There has been a rather lively discussion going on over at Absolute Write in the historical fiction forums. It’s about the ethics of writing about real people, particularly well-known people. Some posters believe that it’s unethical to try to write about what a real person may have thought.
I may be biased, but my opinion is the opposite. To be frank, I don’t think it’s writers’ duty to instill credulity in the masses. It’s fiction. Again, with emphasis: it’s fiction. I am not writing a textbook, and if anyone should wish to learn the facts of the story, they should go find a textbook on the subject.
The author–or director in the case of films–still has a responsibility to stay true to fact. I’m a bit of a crass, heartless soul to say it, but the characters in historical works are dead and can’t object or be harmed. The real problem, in my mind, is people believing lies. I don’t believe what I read in a fiction book, and I certainly don’t believe what I see on the silver screen. Even so, people do believe what they see, even if it’s a lie on TV or a lie on the pages (it’s similar to the arguments about children watching violent shows and movies). Shakespeare did irreparable damage to Richard III’s reputation (and in that case, so did Thomas More, who was purporting to tell the truth!). There are two solutions: A. the writer/director/person telling the story tells the truth and avoids twisting history, or B. people learn to look things up for themselves.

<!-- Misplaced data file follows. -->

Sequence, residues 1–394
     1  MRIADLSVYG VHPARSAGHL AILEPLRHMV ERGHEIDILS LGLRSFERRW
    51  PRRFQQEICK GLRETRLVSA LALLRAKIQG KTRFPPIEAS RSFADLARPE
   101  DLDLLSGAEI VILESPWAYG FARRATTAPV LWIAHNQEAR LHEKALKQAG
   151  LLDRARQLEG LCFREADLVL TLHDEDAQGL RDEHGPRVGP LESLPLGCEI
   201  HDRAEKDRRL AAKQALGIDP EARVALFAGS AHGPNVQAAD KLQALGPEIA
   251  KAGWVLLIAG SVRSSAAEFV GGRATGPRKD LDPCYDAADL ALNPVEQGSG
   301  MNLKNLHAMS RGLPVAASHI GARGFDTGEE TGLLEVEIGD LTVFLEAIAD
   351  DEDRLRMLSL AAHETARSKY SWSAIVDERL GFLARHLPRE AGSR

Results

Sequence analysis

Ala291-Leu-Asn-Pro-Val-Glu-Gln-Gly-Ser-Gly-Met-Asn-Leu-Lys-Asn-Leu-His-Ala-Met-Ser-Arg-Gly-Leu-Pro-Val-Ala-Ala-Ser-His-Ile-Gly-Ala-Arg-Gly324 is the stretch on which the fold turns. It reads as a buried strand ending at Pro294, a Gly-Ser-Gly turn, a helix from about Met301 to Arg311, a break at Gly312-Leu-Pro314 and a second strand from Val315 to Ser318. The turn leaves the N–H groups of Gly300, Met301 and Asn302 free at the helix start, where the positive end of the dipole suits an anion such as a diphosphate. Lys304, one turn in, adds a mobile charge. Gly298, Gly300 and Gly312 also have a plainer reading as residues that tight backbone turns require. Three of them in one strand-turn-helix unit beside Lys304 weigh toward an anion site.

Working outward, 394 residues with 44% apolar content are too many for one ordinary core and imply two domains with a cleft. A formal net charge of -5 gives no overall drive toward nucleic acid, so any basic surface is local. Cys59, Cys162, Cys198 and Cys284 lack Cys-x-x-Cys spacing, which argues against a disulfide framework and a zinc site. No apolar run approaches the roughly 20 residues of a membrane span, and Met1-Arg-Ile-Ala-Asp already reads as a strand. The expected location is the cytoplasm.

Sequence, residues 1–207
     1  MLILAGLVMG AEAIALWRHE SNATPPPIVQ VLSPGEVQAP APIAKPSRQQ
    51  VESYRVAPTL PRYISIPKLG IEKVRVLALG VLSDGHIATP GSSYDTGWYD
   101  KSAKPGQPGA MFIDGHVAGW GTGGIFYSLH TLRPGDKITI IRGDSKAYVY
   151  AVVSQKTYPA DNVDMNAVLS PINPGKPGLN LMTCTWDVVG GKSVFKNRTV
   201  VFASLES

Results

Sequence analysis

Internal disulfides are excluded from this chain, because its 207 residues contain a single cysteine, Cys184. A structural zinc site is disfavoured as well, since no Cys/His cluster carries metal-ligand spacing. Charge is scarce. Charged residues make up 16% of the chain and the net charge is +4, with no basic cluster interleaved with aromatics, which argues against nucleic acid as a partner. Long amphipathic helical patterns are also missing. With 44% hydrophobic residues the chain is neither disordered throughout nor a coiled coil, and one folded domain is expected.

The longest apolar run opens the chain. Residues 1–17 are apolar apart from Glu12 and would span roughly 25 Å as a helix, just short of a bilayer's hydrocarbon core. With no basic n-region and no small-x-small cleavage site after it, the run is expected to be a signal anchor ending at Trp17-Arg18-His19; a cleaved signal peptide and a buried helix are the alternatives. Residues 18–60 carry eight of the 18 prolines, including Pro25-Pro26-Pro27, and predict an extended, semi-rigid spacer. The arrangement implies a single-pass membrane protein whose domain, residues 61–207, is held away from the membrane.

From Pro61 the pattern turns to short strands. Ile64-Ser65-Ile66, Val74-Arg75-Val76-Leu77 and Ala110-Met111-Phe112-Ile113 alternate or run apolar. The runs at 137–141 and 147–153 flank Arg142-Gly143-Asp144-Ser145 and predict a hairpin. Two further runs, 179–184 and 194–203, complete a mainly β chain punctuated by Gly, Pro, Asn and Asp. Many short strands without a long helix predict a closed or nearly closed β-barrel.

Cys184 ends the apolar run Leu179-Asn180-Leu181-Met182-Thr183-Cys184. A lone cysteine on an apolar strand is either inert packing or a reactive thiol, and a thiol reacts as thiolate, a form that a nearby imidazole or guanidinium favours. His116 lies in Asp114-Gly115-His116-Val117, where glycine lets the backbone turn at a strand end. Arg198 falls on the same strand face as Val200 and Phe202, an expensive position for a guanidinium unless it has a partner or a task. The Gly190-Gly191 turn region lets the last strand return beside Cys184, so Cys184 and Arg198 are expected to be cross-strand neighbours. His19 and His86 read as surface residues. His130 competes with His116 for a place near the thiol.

As B has a snowball’s chance in Hell of actually happening, we have to devolve to A. Authors owe it to their readers and to their subjects to tell as much of the truth as they can. Naturally, as IT’S FICTION they will invent some things in between. As long as this is done, B from above doesn’t have to be relied upon, and people actually read/see a real story unfolding before their eyes. Yes, we owe it to the memory of those we write about to write the truth, but honestly, I think it’s the current reader we should be more worried about. And the solution is simply to tell the story as it was.
In fact, I think we do these people a service by writing about them. If we didn’t tell stories about these wonderful, real, historical figures, then people would know very little about them since very few of them bother with B (eg reading history). Instead of invading these people’s privacy, I personally view it as raising them from the ash heap of history, or giving them a slightly new perspective if they’ve been written about before. There is always room for a new viewpoint.
It is the writer’s name on the cover of a novel. It is clearly their imagination at work. I have no ethical problems with writing about real people, and am frankly amazed that some writers do. I respect it–but to be honest, I think their being overly-meticulous.
If I should ever have to face the characters I write about, I would not be in the least ashamed of what I’d written about them. Nor would I expect them to object to being written about (well, my characters were fame whores in their own right, mainly, but that’s beside the point). Once more, for the last time, just in case someone missed it the first three times: IT’S FICTION.